Note: See glossary for meaning of terms marked in bold below.
Just getting to Likir and back was a mild adventure where we ran into multiple obstacles. But we happened to be there at the right time to witness the rituals in a special puja.
We got caught in high speed winds as soon as we left Leh in a rented two-wheeler. It seemed like a passing thing at first, but the strong winds kept our company for the next fifteen minutes. It was never too strong and threatening enough to blow us away, but had the strength to throw every bit of dust and dirt towards us. It was a tortuous ride against the wind, allowing me to go at speeds no more than ten to fifteen kilometers per hour. In a small stretch where we had to drive close to Indus, the gale lifted the river’s waters and splashed on us generously with great force.
Worried and stuck in the middle of the storm, I looked around for alarmed people who would be searching for a shelter. A jeep passed in the opposite direction, their occupants looking so calm as though they did not notice anything abnormal. A man riding a scooter came from behind and did not appear troubled either. ‘This must be normal,’ I told myself, and let go of the thoughts of searching for a shelter or thinking of heading back.
It was late evening before we approached the mountains near Likir, riding past the confluence of Indus and Zanskar in Nyemo (also written as Nimmu, Nimu, Nimo, Nimmo and every other possibility you can arrive at, keeping N in the beginning and m as the next consonant!) and the precariously perched Basgo Monastery. We missed our turn to Likir, as the only sign at the fork advertised a guesthouse and gave away no other information. Treading an extra five kilometers and realizing the folly after arriving at Saspol Village, we headed back and turned into the right track to arrive at Likir in darkness.
Next morning, we left the bike behind and walked through the village and its barley fields to the monastery at the far end of the village. What seemed to be a short walk stretched longer and longer in the hot sun, tiring my unprepared mind and body. Likir Monastery is a cluttered assembly of buildings surrounded by willow trees on a crag. A stream runs at the base of the crag, originating from the taller ica-capped mountains beyond the monastery. At a corner of the monastery is a tall statue of Buddha that shines brightly in the sun.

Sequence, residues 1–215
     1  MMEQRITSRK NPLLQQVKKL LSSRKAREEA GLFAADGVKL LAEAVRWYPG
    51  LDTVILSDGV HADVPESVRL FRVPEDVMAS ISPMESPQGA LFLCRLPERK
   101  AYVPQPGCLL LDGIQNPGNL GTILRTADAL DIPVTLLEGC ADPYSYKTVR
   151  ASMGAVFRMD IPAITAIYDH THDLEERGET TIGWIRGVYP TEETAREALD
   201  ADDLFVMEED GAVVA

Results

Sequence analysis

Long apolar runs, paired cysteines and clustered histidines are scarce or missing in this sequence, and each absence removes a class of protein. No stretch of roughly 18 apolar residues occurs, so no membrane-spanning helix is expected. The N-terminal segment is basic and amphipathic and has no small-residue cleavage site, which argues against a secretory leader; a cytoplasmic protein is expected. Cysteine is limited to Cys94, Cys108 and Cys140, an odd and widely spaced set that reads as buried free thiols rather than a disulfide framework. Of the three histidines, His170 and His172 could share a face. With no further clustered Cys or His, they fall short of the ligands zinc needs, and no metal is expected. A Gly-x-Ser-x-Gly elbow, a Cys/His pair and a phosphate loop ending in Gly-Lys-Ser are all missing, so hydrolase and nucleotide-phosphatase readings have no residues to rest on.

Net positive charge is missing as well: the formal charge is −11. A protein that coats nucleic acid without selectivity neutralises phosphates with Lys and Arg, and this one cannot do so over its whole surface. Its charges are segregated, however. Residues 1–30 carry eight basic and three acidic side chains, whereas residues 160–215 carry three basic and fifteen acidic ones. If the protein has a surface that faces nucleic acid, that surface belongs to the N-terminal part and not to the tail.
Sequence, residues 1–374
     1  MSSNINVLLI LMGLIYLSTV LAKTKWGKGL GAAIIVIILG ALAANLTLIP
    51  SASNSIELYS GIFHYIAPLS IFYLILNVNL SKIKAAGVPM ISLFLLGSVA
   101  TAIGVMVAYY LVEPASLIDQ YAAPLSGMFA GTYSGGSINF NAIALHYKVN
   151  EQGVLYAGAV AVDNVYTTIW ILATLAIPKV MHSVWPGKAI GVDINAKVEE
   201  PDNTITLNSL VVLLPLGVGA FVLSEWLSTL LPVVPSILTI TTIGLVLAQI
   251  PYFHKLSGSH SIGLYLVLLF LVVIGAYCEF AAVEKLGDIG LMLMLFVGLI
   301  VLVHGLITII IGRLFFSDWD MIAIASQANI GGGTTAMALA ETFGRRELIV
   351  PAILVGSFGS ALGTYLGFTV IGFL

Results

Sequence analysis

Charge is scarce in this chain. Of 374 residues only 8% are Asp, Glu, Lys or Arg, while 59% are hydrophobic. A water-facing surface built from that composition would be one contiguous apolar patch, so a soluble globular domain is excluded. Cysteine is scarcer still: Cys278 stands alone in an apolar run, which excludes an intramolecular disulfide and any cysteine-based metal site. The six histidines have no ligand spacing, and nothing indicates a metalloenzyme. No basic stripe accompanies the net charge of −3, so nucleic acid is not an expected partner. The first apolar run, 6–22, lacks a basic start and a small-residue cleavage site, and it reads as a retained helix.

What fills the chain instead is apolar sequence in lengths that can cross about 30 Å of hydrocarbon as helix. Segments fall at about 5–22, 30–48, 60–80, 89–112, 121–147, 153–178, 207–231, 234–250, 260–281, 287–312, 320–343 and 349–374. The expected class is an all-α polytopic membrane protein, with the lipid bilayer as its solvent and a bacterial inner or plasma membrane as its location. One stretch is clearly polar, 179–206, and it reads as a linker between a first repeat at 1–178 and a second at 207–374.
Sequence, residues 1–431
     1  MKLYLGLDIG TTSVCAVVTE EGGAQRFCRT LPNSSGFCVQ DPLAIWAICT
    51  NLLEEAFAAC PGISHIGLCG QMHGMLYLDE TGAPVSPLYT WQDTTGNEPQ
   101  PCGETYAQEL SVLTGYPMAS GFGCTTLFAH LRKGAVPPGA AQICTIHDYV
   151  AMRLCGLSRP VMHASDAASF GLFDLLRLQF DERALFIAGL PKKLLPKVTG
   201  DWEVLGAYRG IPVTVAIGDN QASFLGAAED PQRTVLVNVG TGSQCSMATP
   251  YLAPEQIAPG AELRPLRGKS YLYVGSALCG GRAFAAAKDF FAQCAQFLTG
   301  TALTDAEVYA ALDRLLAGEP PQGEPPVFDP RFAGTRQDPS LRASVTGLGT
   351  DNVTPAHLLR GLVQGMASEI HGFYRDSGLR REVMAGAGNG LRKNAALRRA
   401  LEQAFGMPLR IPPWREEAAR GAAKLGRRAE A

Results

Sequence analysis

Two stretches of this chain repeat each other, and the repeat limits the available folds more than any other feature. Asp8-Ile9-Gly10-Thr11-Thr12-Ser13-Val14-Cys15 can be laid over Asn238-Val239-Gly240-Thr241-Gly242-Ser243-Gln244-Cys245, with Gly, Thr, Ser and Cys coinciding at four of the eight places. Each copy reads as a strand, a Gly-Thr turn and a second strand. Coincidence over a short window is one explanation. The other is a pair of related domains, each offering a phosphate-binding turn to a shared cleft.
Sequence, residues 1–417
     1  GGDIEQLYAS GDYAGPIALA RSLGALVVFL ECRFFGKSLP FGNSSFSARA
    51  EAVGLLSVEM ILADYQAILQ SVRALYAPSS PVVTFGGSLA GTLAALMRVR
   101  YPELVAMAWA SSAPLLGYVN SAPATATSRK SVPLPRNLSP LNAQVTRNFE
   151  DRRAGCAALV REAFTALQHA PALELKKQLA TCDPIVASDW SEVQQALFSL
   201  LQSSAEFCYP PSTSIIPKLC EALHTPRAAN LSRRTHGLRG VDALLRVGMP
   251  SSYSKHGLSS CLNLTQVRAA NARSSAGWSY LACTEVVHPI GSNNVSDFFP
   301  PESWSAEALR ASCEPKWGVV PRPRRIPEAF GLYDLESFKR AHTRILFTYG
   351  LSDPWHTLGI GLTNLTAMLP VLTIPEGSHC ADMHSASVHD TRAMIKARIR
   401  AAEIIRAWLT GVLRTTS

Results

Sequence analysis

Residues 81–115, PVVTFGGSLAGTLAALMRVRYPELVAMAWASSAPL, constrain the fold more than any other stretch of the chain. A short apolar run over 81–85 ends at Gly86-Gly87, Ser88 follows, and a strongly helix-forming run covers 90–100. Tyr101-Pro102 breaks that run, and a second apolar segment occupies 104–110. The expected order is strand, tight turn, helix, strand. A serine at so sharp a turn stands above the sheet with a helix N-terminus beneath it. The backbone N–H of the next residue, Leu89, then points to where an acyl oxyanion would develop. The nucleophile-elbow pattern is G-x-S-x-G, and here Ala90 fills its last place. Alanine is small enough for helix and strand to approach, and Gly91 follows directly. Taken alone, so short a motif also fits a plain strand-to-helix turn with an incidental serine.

The monastery looked empty at first, until I saw the dukhang filled with ochre robed monks of all ages getting ready for a special puja to install a Yamantaka Mandala. The prayer hall was decorated with lines of torma and oil lamps for the puja. The puja was elaborate process, with all the monks gathered in dukhang and chanting together for a few hours. They begin with their regular ochre robe, slipping in another layer of cloth a little later. An ornate headgear gets added soon, which gets replaced later with the traditional yellow-hat of the drukpa lineage. Chanting continues all through, accompanied with hand movements making various mudras and gestures. The puja is finally concluded by returning to their original robes.
While all this goes on, the little monks sitting in a separate row behave the way kids should be. Some naughty kids begin play-fight with neighbours. Some of them look bored and lost in a world of dreams. One of the brats gets up in the middle and requests to be excused, but he is gently ordered to get back to his seat.
Back from the monastery in the evening, the adventures of the journey continued as we discovered that the bike’s rear tyre is punctured. The attempt to get the punctured bike back to Leh deserves another chapter altogether.
The monastery at Likir is among the best maintained monasteries in Ladakh. One of the special features of the monastery is the 3-storey high statue of Buddha.
How to reach. Likir is about 50km from Leh. You can hire cabs in Leh to take you there. It should be possible to combine your visit to Likir with Alchi. If you have the time, visit the confluence of Indus and Zanskar at Nyemo on the way. Another worthwhile stopover is the fort and monastery at Basgo, which falls on the way. Public transport is available from Leh to Likir. But inquire in advance, as the buses may leave you at the village, which is an hour’s walk from the monastery.
Food and accommodation. There are many guesthouses spread along the village of Likir, but most of them are about 30 to 60 minutes walk from the monastery. Options for food are limited but available. Most guesthouses cater to their occupants.
Map and driving directions
View Leh to Likir in a larger map